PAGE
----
Sunday, April 3, 2011

How Democrats Historically Respond to Losing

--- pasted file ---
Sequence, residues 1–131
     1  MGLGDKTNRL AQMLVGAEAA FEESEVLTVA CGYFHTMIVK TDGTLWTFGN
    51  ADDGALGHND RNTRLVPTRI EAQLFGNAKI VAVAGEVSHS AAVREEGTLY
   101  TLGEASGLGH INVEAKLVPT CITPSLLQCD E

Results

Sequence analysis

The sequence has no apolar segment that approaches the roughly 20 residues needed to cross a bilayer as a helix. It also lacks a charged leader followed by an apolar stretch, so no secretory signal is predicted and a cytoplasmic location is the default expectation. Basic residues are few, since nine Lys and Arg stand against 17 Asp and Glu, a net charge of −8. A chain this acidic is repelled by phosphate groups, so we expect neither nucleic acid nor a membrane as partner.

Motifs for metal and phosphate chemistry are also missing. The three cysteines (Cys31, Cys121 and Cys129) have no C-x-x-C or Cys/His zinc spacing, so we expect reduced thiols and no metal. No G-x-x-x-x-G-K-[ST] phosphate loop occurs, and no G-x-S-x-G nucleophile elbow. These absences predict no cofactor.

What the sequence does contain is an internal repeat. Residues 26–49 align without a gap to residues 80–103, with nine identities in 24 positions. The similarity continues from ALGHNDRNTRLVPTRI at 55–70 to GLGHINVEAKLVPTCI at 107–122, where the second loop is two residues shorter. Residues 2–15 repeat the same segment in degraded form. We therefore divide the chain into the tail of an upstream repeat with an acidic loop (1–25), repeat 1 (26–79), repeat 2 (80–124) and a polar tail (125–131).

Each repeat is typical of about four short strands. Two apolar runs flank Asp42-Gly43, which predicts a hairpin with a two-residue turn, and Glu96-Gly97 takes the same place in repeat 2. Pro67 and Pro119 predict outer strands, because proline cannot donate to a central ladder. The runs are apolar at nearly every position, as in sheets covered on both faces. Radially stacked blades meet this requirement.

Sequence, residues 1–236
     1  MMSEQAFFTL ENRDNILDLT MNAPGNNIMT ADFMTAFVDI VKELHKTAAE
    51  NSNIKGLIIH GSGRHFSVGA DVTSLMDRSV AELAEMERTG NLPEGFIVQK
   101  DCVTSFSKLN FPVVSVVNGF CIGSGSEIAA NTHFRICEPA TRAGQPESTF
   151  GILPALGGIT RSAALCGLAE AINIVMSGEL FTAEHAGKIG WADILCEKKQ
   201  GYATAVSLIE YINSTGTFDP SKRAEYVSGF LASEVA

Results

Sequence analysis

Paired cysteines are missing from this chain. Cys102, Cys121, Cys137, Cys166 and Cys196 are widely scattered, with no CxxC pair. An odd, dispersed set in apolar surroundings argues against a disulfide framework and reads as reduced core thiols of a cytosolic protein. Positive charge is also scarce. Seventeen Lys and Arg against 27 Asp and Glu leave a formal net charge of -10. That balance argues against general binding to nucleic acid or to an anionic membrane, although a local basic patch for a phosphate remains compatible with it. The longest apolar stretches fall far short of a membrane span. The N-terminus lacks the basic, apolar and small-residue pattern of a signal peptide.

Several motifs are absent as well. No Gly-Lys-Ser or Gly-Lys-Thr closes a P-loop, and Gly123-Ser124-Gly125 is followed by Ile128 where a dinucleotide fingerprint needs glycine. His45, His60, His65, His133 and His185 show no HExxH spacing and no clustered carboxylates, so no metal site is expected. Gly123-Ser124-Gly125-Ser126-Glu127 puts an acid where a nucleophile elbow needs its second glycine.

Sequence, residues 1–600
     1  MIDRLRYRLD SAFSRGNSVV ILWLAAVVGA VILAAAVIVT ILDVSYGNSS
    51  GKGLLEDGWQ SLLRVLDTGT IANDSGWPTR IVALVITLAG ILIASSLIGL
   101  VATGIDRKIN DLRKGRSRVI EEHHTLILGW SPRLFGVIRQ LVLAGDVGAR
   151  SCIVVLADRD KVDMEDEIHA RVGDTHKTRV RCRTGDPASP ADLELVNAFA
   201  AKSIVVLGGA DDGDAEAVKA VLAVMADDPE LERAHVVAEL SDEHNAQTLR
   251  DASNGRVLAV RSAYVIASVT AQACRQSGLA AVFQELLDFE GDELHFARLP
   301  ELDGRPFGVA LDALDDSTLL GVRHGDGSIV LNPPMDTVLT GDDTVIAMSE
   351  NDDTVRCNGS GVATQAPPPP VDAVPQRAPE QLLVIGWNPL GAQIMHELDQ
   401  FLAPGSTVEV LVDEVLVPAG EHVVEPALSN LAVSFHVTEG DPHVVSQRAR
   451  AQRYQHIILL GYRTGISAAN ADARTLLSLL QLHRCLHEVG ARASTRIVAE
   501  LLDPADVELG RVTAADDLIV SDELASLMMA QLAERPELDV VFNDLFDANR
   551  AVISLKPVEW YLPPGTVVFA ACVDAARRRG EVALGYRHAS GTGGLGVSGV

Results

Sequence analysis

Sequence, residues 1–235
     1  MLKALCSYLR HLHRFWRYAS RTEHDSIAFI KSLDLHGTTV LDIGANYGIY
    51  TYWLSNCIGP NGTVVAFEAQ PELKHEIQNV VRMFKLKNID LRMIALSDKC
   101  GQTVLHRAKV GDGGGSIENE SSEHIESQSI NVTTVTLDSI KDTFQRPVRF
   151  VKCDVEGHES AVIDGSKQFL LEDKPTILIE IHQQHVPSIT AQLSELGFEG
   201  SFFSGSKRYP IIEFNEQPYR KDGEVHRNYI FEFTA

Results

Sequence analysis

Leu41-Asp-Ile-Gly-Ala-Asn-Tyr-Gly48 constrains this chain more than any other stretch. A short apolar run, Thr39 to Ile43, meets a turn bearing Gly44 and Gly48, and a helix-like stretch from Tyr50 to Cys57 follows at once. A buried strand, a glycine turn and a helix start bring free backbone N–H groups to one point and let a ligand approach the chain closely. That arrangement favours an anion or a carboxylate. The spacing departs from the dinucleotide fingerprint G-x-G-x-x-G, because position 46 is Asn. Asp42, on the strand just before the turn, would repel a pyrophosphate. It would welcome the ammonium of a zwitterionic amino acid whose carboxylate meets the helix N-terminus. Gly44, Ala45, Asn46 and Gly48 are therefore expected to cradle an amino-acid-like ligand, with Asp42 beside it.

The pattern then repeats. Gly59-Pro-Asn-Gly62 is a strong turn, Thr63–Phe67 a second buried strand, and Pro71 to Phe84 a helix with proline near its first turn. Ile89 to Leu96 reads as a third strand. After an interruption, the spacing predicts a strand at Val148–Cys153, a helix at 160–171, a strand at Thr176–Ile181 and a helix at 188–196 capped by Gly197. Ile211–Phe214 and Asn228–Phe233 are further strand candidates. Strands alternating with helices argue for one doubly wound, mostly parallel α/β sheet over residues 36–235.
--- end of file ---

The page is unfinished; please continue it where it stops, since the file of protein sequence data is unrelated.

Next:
Earlier this year 14 Wisconsin senators and a bunch of Indiana representatives, who found themselves in the minority party in their chambers, decided to hightail it to Illinois [formerly known as "Land of Lincoln" but new nicknames like "Land of Democrat Refugees" should be considered] to simply stop business from occurring in the legislatures of their states. In so doing they showed contempt for their offices and the citizens who voted for them. They also showed deep contempt for the democratic process. We live in a country where "We, the People" elect representatives to our government. These people—like it or not—were the elected representatives. But instead of doing the honored job which they were elected to do, they behaved like the pouting 5-year-old who takes his proverbial ball and heads home. It probably goes without saying that if Republicans tried something like this, they would be publicly demonized for years to come. Now rewind to the years 1860-1861. Democrats had been the majority party for about a decade due to the demise of the Whig party and other events. The 1850's saw multiple pieces of legislation which the Democratic party supported—and the infamous Dred Scott Supreme Court decision, the second worst decision of the Court in our nation's history—passed and signed into law by democrat presidents. These pieces of legislation infuriated many who saw them as contrary to the principles and freedoms which America was founded upon. Members of other parties stayed in their seats and dutifully voted, even when in the minority. In 1860, Abraham Lincoln, a Republican, was elected president. Before he even took the oath of office, seven entire states—commandeered by democrats—seceded from the Union. Within weeks after the inauguration, four more entire states—also commandeered by democrats—seceded also. I'm predicting that if our current president gets voted out next year, we may see members of the Democratic Party try similar stunts in Washington in 2013.

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